6. Start counting steaming time as soon as the lid is on. See steam blanching times recommended for the vegetables listed below.

    Microwave Blanching

    Microwave blanching may not be effective, since research shows that some enzymes may not be inactivated.
    This could result in off-flavours and loss of texture and colour.

    Those choosing to run the risk of low quality vegetables by microwave blanching should be sure to work in small quantities, using the directions for their specific microwave oven.

    Microwave blanching will not save time or energy.

    Cooling

    As soon as blanching is complete, vegetables should be cooled quickly and thoroughly to stop the cooking process.

    1. To cool, plunge the basket of vegetables immediately into a large quantity of cold water.
    2. Change water frequently or use cold running water or ice water.
      If ice is used, about 4.5 litres(1 gal) ice per 0.5 kg (1 lb) is needed.
    3. Cooling vegetables should take the same amount of time as blanching.
    4. Drain vegetables thoroughly after cooling.
      Extra moisture can cause a loss of quality when vegetables are frozen.

    Blanching Times

    Blanching times are for water blanching unless otherwise indicated.

    Vegetable Type
    Blanching Time (minutes)
    Artichoke-Globe(Hearts)
    7
    Artichoke-Jerusalem
    7
    Asparagus
    Small Stalk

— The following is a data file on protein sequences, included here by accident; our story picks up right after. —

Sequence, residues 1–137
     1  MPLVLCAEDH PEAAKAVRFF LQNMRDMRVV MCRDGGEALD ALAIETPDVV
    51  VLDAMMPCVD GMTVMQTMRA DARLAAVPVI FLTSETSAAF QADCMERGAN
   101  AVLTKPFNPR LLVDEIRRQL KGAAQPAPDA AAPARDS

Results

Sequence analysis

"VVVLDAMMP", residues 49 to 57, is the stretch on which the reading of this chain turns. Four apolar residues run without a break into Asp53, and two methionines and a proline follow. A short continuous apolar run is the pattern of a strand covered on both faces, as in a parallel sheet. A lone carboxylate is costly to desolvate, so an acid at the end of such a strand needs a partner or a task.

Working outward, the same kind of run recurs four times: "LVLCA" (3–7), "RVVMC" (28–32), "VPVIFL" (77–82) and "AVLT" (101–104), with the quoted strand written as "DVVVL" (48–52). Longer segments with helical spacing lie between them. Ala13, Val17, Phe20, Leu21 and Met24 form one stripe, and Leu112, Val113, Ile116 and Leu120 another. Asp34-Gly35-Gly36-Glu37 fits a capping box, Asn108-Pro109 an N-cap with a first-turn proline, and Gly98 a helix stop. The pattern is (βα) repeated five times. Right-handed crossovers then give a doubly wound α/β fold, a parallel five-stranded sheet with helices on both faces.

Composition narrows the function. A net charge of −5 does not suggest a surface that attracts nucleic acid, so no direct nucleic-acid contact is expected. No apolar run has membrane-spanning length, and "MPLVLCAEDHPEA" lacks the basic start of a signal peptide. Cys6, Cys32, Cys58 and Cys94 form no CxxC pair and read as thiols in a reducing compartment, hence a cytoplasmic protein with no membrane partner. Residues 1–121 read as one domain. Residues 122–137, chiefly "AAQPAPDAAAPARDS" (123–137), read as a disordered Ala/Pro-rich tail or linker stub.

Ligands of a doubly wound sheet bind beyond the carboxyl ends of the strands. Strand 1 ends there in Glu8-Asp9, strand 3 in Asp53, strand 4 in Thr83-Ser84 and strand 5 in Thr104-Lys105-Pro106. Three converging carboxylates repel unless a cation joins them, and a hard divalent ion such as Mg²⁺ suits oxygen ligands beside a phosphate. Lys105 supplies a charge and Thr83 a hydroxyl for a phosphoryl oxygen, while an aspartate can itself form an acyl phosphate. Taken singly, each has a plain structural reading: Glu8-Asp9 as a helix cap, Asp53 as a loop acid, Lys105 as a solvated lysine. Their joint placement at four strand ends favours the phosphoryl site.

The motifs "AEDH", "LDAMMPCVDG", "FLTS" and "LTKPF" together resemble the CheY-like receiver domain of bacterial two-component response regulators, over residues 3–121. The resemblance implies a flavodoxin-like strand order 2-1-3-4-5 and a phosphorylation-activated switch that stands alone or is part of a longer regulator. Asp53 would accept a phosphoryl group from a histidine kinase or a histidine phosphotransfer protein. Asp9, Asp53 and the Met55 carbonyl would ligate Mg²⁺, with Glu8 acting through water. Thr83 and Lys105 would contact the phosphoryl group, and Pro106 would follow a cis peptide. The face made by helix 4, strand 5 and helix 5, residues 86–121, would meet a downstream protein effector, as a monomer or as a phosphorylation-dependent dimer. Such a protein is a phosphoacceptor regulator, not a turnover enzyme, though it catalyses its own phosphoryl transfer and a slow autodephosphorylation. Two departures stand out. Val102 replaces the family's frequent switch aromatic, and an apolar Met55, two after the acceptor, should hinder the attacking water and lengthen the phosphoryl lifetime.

Medium Stalk
    Large Stalk
     
    2
    3
    4
    Beans-Snap, Green, or Wax
    3
    Beans-Lima, Butter, or Pinto
    Small
    Medium
    Large
     
    2
    3
    4
    Beets
    Cook
    Broccoli
    (flowerets 3.5cm (1½”) across
    Steamed
     
    3
    5
    Brussel Sprouts
    Small Heads
    Medium Heads
    Large Heads
     
    3
    4
    5
    Cabbage or Chinese Cabbage
    (shredded)
    Carrots
    Small
    Diced, Sliced or Lengthwise Strips
     
    5
    2
    Cauliflower
    (flowerets, 2.5cm (1″) across
     
    3
    Celery
    3
    Corn-on-the-cob
    Small Ears
    Medium Ears
    Large Ears
    Whole Kernel or Cream Style
    (ears blanched before cutting corn from cob)
     
    7
    9
    11

    4

    Eggplant
    4
    Greens
    Collards
    All Other
     
    3
    2
    Kohlrabi
    Whole
    Cubes
     
    3
    1
    Mushrooms
    Whole (steamed)
    Buttons or Quarters (steamed)
    Slices steamed)
     
    5

    3
    Okra
    Small Pods
    Large Pods
     
    3
    4
    Onions
    (blanch until center is heated)
    Rings
     
    3-7
    10-15 seconds
    Peas-Edible Pod
    1½ – 3
    Peas-Field (blackeye)
    2
    Peas-Green
    Peppers-Sweet
    Halves
    Strips or Rings
     
    3
    2
    Potatoes (New)
    3-5
    Pumpkin
    Cook
    Rutabagas
    3
    Soybeans-Green
    5
    Squash-Chayote
    2
    Squash-Summer
    3
    Squash-Winter
    Cook
    Sweet Potatoes
    Cook
    Turnips or Parsnips
    Cubes
    2

    How To Blanch Vegetables